The mosquito that has attracted the most attention is the mosquito Aedesaegypti. It belongs to the family Culcidae, consisting of about 2,500 species(Encyclopedia Britanica 1999), along with other genera of mosquitoes such asAnopheles, Culex, Orthopodomyia, and the Toxorynchites, to name a few (Womack1993, E.B. 1999). This mosquito has been known best for transmitting yellow fever andhuman dengue throughout the tropic and subtropic of the Americas (Womack, M 1993). This mosquito along with others are looked upon as pests and nuisances in modern daysociety because of their attraction to moisture, lactic acid, carbon dioxide, body heat andmovement (E.
B. 1999) but we can not confuse the Aedes aegypti with any othermosquito for it has a very distinct look to it as well as a specific habitat. It has manyrelated species and it’s geographic distribution is extremely wide and varied.
The Aedes aegypti, with regard to both sexes, are generally similar in coloration(Womack 1993). The female adult is noticed by it’s small dark figure that is colored bywhite markings and banded legs.
Its proboscis or snout is mostly black with regard tothe white palp tips (Russel 1996). The dorsal pattern of white scales on the scutum is inthe shape of a lyre’ with two central based stripes that contrast with the dark scalespresent on the insect (Womack 1993, Russel 1996). Its wings are dark scaled and femur and hind legs are pale scaled forabout three-quarters, and dark scaled for about two-thirds (Russel 1996). The first through the fourth segments of the hind tarsi are characterized by white ringsand the fifth segment is all white.
Adults can be found in abundance in towns and cities near human dwellingplaces., living in trees, herbaceous plants, dim closets, cabinets or even old automobiletires (Womack 1993, Juliano 1998). The species feeds mostly during the day increasingits feeding rate two hours after sunrise and several hours before sunset ( Womack1993, Geographical Magazine 1998), while it is not rare for females to feed underartificial light at night. The above feeding habits of the Aedes aegypti contributes to thespecies’ life span which is dependent on nutrition, temperature and humidity (Womack1993) as well as its ability to avoid predators such as reptiles or even sometimes othertypes of mosquitoes (E.B. 1999). The male mosquito can only live a short time rangingfrom a few days to a couple weeks whereas the female can live up to a month whichallows her to reproduce longer (Womack 1993). They lay their eggs in artificial containers on damp surfaces such as jars, urns,cans or anything that can contain rain water (Womack 1993, Juliano 1998). The eggshatch when they become flooded by deoxygenated water, except during winter(Womack1993, Juliano 1998) and after which can only survive in temperatures above ten degreesor below 44 degrees Celsius (Womack 1993). The larvae feed on aquatic microbiotawhich develops inside the artificial containers in which the eggs are laid (Womack 1993). In the pupal stage they are freeswimming and active and breathe by means of tubes on the thorax (E.B. 1999). The limitations of availability of habitat has greatly affected the geographicdistribution of the species.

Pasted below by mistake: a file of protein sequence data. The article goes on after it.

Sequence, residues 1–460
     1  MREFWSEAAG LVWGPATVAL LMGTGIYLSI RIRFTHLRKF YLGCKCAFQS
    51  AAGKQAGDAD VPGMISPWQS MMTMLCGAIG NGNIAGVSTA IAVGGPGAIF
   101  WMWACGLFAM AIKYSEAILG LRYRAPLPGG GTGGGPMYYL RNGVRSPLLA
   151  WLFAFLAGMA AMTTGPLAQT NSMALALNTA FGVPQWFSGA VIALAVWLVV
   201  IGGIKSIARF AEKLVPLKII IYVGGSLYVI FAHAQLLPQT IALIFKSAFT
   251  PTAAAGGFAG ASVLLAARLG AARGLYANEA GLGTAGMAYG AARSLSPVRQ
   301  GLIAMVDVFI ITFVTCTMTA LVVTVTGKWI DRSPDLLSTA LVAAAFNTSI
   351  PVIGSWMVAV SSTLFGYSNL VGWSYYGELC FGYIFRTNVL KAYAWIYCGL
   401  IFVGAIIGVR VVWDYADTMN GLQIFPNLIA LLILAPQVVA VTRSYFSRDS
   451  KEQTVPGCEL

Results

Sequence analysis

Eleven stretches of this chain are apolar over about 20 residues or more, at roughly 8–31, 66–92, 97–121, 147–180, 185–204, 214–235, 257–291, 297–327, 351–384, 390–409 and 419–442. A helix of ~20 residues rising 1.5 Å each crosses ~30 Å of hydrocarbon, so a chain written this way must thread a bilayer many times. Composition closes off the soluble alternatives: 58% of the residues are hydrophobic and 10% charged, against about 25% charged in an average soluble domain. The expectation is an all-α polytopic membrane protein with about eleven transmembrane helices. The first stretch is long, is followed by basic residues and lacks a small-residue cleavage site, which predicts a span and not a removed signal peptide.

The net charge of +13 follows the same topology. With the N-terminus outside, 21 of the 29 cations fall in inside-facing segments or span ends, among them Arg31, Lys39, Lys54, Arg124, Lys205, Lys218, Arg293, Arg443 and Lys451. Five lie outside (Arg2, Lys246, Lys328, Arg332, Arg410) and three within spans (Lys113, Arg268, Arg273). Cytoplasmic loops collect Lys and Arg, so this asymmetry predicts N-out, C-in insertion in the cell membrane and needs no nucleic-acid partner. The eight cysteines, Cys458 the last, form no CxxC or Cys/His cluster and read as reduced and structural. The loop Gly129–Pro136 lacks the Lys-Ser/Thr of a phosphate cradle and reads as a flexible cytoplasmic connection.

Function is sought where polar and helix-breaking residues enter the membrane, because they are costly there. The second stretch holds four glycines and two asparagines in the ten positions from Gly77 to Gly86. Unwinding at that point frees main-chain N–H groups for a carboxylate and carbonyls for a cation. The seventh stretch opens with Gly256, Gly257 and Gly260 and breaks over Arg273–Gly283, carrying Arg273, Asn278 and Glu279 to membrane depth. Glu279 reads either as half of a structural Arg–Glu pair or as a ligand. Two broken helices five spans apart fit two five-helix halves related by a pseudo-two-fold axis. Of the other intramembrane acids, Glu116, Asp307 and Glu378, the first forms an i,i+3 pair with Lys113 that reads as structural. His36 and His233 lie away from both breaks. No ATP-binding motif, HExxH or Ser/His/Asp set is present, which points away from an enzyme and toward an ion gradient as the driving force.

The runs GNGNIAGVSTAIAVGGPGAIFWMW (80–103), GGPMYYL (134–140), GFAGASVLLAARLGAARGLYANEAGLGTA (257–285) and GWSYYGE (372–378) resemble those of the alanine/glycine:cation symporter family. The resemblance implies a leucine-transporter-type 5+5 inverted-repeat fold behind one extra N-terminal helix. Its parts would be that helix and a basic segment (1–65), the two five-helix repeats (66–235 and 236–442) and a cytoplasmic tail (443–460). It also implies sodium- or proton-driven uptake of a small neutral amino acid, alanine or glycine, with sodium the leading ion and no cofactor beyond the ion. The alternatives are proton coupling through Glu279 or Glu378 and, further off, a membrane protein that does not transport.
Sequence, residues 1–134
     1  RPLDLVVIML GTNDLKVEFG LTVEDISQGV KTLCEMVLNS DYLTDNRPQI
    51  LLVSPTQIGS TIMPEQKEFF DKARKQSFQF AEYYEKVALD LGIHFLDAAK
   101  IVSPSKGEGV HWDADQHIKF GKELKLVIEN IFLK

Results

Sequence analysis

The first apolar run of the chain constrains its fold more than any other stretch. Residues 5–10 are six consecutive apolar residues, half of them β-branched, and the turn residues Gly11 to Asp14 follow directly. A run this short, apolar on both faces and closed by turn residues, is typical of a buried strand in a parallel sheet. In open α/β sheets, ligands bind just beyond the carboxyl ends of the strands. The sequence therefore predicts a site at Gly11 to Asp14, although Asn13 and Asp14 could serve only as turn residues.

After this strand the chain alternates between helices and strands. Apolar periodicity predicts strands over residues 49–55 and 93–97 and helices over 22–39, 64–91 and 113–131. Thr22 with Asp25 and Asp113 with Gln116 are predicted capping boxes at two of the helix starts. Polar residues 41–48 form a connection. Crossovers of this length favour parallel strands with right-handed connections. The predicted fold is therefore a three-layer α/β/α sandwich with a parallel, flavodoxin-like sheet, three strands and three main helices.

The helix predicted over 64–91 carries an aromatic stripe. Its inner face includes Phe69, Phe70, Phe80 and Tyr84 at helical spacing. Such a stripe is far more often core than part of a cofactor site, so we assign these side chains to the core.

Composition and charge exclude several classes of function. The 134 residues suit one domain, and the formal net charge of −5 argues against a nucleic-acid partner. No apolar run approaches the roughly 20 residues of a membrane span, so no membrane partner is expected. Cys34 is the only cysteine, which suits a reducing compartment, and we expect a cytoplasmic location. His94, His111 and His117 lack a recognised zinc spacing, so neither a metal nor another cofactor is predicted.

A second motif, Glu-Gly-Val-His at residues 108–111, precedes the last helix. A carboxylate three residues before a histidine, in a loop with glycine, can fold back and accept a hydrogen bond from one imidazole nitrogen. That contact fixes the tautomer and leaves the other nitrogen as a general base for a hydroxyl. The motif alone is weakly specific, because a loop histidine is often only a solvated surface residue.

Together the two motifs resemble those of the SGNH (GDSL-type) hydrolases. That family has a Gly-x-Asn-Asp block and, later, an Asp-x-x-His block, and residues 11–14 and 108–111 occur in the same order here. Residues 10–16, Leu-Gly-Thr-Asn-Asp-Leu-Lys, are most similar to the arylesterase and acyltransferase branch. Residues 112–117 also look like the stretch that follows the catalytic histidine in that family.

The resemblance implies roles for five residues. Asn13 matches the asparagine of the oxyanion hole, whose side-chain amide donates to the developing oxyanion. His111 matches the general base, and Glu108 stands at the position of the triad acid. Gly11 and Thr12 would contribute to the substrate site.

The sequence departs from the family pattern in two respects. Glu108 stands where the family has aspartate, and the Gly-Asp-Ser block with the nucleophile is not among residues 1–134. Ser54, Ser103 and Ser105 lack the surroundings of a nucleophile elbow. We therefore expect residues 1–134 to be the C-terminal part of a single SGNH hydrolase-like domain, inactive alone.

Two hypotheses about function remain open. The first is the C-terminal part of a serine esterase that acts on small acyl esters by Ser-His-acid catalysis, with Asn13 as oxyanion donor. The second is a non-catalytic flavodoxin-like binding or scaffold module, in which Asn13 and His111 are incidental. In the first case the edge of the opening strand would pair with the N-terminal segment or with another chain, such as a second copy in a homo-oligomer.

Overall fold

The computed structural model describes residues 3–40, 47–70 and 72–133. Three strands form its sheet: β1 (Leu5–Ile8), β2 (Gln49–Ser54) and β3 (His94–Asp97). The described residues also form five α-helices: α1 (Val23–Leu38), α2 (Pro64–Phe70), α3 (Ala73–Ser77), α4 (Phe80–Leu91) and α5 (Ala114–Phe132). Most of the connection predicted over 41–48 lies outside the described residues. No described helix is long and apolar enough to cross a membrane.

They have a “cosmopolitan range extending from 40 degrees N to 40 degrees Slatitude.” says Womack (1993). It is found throughout the world in tropic and subtropicregions (Womack 1993). The species has been distributed throughout New Englandstaying close to the marshes and damp areas and away from dry and cold climates. It isnot only the dry and cold climates that threaten the Aedes aegypti but one of itsassociated species as well. The Aedes albopictus is an Asian mosquito that was introduced to North Americain the 1980s (Hawley 1988, OMeara et al. 1992,1993,1995, Juliano 1998). It has spreadthroughout the north and now threatens declines in the Aedes aegypti because of its”positive population growth at higher combined density and lower per capita resourceavailability” (Juliano 1998). The A. albopictus is a successful invader because of itsgeneralized habitat, its adaptation to many climates, ability to live in human dominatedareas, as well as its food requirements and its desiccation resistant eggs (Hawley 1988,Focks et al. 1994, Juliano 1998). The “primary determinant of success” says Juliano (1998) “was survivorship to adulthood.” The Aedes aegypti only survived well in it’senvironment when it was raised alone at a low density with a high resource availability(Juliano 1998). Competition for these resources among larvae is what seems tosufficient in accounting the near replacement of the A. aegypti with the A. albopictus. Itis a species that lives to survive, feed and reproduce and although this may not seemdifficult, Juliano has shown us that Darwin’s theory of evolution and natural selection isone that prevails in all species of organisms and in this battle the A. aegypti is losing to afellow, more adapted mosquito the A. abopictus.
Some other related species of the A. aegypti are the A. notoscriptus (Russel1996), the A. triseriatus, A. atropalupus, Othopodomyia signifera, Toxorhynchites rutilis,Culex nigripalpus, Culex quinquefasciaus, Culex resuans, and Culex salinarius(Womack 1993).
The A. aegytpi is a species best known for infecting people with such diseases asyellow fever and human dengue. Its life cycle is very simple compared to many otherorganisms. The female feeds on a blood diet to mature her eggs (E.B. 1999), and shelays them in a damp artificial container. The time for development of these eggs tomosquitoes is anywhere from four to ten days depending on the water temperature andthe food supply (Womack 1993). Soon after the organism passes through the pupalstage they mate and start the cycle over again.
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Essay about the Mosquito Aedes Aegypti. (2019, Feb 22). Retrieved from https://graduateway.com/aedies-aegypti/